In this context, an analysis of index references is also revealing. Significant lay figures are mentioned very few times, e.g. Rosemary Goldie (COPECIAL, the pre-conciliar Pontifical Council for the Lay Apostolate, Australia) 6, Louise Monnet (Movement, of catholic professionals, MIAMSI, France) 3, Patrick Keegan (YCW and International Movement of Christian Workers) 7, Ramon Sugranyes de Franch (International Movement of Catholic Intellectuals Pax Romana ICMICA) 10, Vittorino Veronese (Italian, president of COPECIAL) 8. Moreover, Cardijn himself who was involved on a daily basis in the work of the Council is mentioned only eight times.

This compares with 37 references to the World Council of Churches leader Visser t’Hooft. To be sure, Visser t’Hooft played a significant role on the ecumenical front, but the lack of references to leading figures of the lay apostolate movements, I believe, illustrates a major error of perspective by the Alberigo team. This is all the more astounding in that the Bologna team and the authors of the various chapters were mostly lay!

This lack of perspective also reflects in the choice of author(s) who wrote the various chapters concerning the lay apostolate. For example, Hanjo Sauer, who wrote an important chapter on the laity in Volume 4, is Austrian, whereas the major developments in lay apostolate and Catholic Action prior to the Council came in France, Belgium as well as Italy. Thus, for example, the only four references to Cardijn in this volume do not appear in Sauer’s chapter, even though one of his sub-chapters is entitled “The irreplaceable task proper to the laity”, which is the very wording Cardijn had been fighting for four years to have included in the Council texts10! Further, it is not as if there was a lack of historians specialised in this area of the lay movements, e.g. the Uruguayan Ana Maria Bidegain11, who has done extensive work on the lay movements and on women religious, particularly in Latin America, and which is also relevant to the issue of how liberation theology emerged from the Council.

In conclusion, while the Alberigo-Komonchak History is a major achievement and with its various language editions will remain the work of reference for many years, it has severe methodological limitations in its chapters dealing with the lay apostolate. This also raises further questions that also require investigation, e.g. the role of religious congregations. How were the Dominicans organised, for example, given the roles of figures such as Congar, Chenu, Hamer, and many others? Similarly for other groups.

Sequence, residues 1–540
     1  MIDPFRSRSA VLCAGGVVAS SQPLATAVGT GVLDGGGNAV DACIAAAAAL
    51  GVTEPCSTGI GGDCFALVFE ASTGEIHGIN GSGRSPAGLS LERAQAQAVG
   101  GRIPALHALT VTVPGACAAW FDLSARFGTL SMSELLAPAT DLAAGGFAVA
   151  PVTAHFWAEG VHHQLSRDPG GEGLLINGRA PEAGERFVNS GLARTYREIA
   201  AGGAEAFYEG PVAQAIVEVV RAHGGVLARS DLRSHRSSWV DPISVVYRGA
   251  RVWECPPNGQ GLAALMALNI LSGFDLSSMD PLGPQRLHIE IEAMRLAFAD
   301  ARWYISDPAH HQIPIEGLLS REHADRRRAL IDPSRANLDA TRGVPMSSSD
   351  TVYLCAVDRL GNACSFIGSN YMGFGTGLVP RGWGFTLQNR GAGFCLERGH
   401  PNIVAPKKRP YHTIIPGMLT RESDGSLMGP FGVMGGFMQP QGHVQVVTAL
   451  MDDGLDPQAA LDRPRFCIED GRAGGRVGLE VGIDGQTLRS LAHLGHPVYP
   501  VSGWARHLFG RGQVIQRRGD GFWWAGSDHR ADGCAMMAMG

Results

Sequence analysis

In any event, it is clear that much work on understanding the Council remains for future generations of historians to tackle.

Stefan Gigacz

September 2012


1It was 30 years when the first volume appeared and 41 by the time the last volume appeared in 2006.

2History,         1: xiii.

3History,         5: 645.

4History,         2: xi.

5History,         2: xi.

6History,         2: xii.

7JA         Komonchak, Benedict XVI and the interpretation of Vatican II, Cr St 28 (2007) 323-337         (Accessed 17/9/2012)

8Email communication to me 28 February 2012.

9See,         for example, D. Donnelly, J.Famerée, M. Lamberigts, K.Schelkens, The Belgian contribution to the Second Vatican Council,         Peeters, Leuven, 2008, 716p.         

10Cf.         My paper, Lay         people transforming their lives and the world: Cardijn’s vision of the lay apostolate at Vatican II, unpublished, Vatican II: Teaching and Understanding the Council         After 50 Years, September 20-22, 2012, University of St. Thomas, St. Paul Minnesota.

11Ana         Maria Bidegain.          (Accessed 17/09/2012)